Hergest Croft Gardens

Attraction in Kington, Shropshire

Contact Details

Tel: 01544 230160

Web: www.hergest.co.uk

Email: gardens@hergest.co.uk

Postal Address:
Hergest Croft Gardens
Kington
Herefordshire
HR5 3EG

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Description Prices Opening Times Facilities Directions

Description

With stunning views towards the Black Mountains, Hergest Croft Gardens has spectacular spring and autumn colour. They extend over 70 acres; contain more than 5,000 rare trees and shrubs planted in over six distinct areas.

Recently Julia and Edward Banks have taken over responsibility for the Gardens from their parents Lawrence and Elizabeth Banks, after their 30 years of stewardship making them the 4th generation of the family to care for it.

It is quite a responsibility when you read some of the recent things that have been written about Hergest Croft. Hugh Johnson wrote in the January edition of Hortus,”I find Hergest Croft one of the holy places of Horticulture”. The Tree Register of the British Isles that measures trees all over the country, said in its spring newsletter “a garden less visited than Wisley or Wakehurst Place, but equalling them in beauty and exceeding them all for its range of rare and spectacular trees”. They clearly have work in maintaing that reputation, but luckily Lawrence and Elizabeth are still around to give them help and advice.

All the family hope you will enjoy visiting and sharing the Gardens with them. Since Edward’s great grandfather built the house in 1896, this garden and the collection of plants has been built up by three generations of enthusiastic plantsmen. The planting includes many species introduced by Earnest ‘Chinese’ Wilson before 1920, complemented by newer collections from the 1980’s, which gives the garden a unique position in the British Isles.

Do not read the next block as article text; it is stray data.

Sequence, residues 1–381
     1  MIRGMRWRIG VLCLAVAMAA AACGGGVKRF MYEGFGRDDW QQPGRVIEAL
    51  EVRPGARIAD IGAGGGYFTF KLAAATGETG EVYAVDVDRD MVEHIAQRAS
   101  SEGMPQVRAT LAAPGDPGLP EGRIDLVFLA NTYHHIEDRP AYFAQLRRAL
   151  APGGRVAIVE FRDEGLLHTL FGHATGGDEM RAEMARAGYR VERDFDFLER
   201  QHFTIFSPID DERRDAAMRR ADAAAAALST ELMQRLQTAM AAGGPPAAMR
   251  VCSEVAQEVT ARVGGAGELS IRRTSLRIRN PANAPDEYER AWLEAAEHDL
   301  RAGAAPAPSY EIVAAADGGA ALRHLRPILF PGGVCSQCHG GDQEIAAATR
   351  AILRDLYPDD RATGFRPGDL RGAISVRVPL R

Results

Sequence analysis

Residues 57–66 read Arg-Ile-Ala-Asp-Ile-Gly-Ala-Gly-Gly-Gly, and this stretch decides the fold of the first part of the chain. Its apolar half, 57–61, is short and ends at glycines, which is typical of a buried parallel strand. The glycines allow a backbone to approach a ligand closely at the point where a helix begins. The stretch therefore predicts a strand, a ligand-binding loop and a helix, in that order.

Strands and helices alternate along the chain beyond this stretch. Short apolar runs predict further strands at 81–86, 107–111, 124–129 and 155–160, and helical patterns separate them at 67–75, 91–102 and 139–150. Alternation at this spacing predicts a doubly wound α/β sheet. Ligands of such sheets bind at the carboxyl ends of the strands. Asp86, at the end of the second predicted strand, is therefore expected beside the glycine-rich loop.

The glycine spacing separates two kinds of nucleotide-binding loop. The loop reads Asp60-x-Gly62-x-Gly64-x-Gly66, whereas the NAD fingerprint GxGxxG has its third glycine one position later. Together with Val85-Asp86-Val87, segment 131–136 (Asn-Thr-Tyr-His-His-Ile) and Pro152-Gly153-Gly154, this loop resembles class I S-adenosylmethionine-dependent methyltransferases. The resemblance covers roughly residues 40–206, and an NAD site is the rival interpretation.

This is far more than a plantsman’s garden. W.H.Banks’s artistic eye is clearly demonstrated in his use of plant associations on a grand scale: and his skill in gradually blending the garden into the surrounding countryside. Edward’s grandfather, Dick’s collections, especially of maples and birches, have been continued by his parent’s planting of the Maple Grove which began in 1985 and more recently by the Cedar Glade and Elizabeth Walk. Hergest Croft Gardens continues to change and develop as older areas are renewed and replanted, but the vision of Edward’s great grandfather still provides the framework of the garden.

The Gardens hold the National Collections of maples, birches and zelkovas, as well as over 90 TROBI ‘champion’ trees.

When visiting the Gardens begin by exploring the Conservatory with its display of many tender species and a collection of brightly coloured geraniums and fuchsias. Move onto the Lower Terrace where a striking blue agapanthus and white galtonias create a late-summer border. The large Rockery has been renovated; and the new Slate Garden features edging in six varieties of box with a large slate cone by Joe Smith.